After spending a long time in a hot sauna, you may want to soak in cold water. Natto may feel the same way. After the fermentation period, natto spends a day cooling down in rooms set at 5℃. This is an important part of the process, which stops the fermentation and matures the natto.
Then comes the final stage of full packaging – bundling and labeling. ⑥ And the natto is ready to be shipped for sale at supermarkets. If you walk into any supermarket in Japan, you may notice that most natto is sold not in a single packet but as several packets bundled up together. Most commonly, a bundle of three packets is sold for around 100 yen ($1.11). Very cheap indeed, but surprisingly, it is very nutritious.
Main Nutrients from a Packet of Natto (45 grams)
There are many other nutrients in natto other than the above. One of them is Vitamin K2, which strengthens bones and is essential to blood coagulation. Natto has attracted attention in the field of medicine. It is antibacterial, and an enzyme extracted from natto, called nattokinase, works to prevent blood clots from forming. Natto is very healthy and nutritious. That’s one of the reasons for its popularity.
The Origin of Natto
You may wonder how natto was developed. Is there any story behind it? Unfortunately, there are many different theories but no definite answer to this question. However, it is believed to have been created by accident. One plausible theory, introduced by cooking specialist Hisao Nagayama, goes like this:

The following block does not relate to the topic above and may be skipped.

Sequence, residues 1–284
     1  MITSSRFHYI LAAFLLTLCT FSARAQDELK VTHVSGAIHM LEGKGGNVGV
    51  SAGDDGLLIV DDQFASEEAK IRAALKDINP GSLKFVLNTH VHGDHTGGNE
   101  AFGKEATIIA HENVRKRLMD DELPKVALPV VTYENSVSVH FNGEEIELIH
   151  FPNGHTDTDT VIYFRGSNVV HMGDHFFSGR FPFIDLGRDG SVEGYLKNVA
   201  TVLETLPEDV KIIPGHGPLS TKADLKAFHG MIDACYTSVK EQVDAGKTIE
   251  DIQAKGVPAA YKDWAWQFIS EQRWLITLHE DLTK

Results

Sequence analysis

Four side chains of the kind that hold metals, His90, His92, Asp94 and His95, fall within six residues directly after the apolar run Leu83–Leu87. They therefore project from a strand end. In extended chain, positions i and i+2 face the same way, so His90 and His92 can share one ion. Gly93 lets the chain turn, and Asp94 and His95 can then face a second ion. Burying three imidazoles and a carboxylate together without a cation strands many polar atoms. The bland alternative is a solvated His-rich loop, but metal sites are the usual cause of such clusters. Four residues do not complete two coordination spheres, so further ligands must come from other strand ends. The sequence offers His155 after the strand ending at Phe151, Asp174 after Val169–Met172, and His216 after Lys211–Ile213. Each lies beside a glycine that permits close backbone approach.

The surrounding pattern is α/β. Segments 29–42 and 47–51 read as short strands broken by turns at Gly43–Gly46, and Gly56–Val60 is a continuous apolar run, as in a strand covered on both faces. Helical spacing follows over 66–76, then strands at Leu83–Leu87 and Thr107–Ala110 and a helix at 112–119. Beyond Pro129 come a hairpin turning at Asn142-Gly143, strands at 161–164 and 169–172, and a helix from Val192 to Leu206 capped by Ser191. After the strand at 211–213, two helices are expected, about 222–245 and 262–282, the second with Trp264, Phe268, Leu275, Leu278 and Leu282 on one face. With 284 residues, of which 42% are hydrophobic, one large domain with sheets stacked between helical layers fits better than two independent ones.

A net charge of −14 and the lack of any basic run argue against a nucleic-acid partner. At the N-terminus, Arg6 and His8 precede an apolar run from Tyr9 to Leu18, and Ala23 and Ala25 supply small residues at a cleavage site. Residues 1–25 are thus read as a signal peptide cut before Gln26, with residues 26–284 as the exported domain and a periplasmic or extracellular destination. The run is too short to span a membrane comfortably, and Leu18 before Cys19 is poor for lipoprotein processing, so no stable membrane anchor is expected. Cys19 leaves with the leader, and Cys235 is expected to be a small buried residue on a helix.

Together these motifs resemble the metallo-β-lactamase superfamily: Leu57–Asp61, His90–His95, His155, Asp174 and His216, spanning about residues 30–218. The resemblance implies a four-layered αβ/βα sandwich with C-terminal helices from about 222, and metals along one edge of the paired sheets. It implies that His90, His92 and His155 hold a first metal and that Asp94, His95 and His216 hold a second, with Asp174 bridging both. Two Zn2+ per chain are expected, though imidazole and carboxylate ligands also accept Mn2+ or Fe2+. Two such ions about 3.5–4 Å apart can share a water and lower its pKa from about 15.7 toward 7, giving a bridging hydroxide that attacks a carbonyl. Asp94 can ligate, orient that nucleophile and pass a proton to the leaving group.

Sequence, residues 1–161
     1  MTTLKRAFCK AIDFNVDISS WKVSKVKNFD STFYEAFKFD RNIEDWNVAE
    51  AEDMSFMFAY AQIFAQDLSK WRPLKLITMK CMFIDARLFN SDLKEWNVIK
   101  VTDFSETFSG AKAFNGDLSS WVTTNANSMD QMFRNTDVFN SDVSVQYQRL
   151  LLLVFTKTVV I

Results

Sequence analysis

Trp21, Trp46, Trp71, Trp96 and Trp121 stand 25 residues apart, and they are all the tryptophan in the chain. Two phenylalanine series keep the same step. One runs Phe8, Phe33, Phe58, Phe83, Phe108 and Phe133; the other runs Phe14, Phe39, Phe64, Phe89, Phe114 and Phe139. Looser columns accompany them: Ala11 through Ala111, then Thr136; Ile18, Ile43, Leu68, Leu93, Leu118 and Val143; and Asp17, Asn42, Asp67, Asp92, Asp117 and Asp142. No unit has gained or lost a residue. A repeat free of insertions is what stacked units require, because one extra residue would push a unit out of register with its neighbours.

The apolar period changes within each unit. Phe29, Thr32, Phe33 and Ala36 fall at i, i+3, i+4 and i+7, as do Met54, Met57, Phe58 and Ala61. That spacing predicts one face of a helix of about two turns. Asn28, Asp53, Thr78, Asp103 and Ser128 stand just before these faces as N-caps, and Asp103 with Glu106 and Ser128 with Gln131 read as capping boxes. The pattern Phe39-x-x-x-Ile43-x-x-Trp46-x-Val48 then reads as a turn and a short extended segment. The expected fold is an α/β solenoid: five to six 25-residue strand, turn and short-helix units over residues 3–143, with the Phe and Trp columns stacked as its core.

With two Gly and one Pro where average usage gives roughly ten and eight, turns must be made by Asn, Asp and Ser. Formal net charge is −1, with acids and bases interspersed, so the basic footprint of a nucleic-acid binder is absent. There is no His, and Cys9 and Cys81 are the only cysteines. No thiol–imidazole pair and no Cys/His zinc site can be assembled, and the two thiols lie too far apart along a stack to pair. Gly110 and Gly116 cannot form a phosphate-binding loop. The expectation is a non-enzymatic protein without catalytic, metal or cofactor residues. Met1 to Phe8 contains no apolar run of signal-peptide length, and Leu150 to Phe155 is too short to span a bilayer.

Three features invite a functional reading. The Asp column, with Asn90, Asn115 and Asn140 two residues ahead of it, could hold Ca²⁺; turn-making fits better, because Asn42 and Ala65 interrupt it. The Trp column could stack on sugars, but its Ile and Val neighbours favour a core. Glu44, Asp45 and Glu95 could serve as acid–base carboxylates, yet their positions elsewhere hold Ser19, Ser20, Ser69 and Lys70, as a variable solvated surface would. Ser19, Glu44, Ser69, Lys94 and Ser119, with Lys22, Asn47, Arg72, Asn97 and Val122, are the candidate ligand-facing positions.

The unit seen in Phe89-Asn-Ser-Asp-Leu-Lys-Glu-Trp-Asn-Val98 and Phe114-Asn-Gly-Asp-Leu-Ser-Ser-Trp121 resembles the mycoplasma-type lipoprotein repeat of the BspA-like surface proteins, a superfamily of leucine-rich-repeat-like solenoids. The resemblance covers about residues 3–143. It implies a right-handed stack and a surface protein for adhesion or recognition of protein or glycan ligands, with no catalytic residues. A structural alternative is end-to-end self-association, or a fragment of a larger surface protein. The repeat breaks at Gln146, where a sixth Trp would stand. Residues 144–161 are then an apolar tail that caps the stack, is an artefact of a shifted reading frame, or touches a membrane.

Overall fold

In the 11th century, the government in Kyoto was trying to subdue a rebellion more than 500 kilometers away, in the Tohoku region. Government forces made the long journey to Tohoku on horseback. In those days, military horses fed not only on grass but also more than two kilograms of boiled soybeans a day. These beans were wrapped in straw and carried on the horses’ backs. The heat of a horse’s back might not be the best temperature for fermentation, but it was warm enough. And because of the long traveling time, the fermentation must have happened gradually. Along the way, the soldiers discovered the sticky soybeans, and so natto was born.
Natto Factory Tour and Natto Museum
The above-mentioned factory is open to the public. You can join a free factory tour and learn about how natto is produced. The tour takes 90 minutes, including a sampling session and a museum visit. An advance reservation is required for the factory tour, but is not necessary for the museum visit.
The natto museum connected to the factory provides a variety of information on natto, including its history - how it was a part of the lives of the people with vendors selling natto every morning, and so on. There is a panel explaining how to make natto on your own. There is also a display about the history of Takano Foods Co., Ltd. Natto is unique to Japan, but there are similar fermented soybean foods in other parts of the world. You can learn all about them here. At the entrance of the museum, there are various foods which use natto as an ingredient: natto crackers, natto chocolates, natto flakes for rice, etc. Wouldn’t you like to try them?
Address: 1542 Noda, Omitama City, Ibaraki
Tel: 0120-58-7010 (Japanese only)
The factory is about 100 kilometers from Tokyo but close to Ibaraki Airport. From Tokyo station, it takes 90 minutes by bus. From the airport, you can take a taxi, which takes 10 minutes. A taxi from JR Ishioka station takes 30 minutes. The factory is open every day except during the New Year holidays.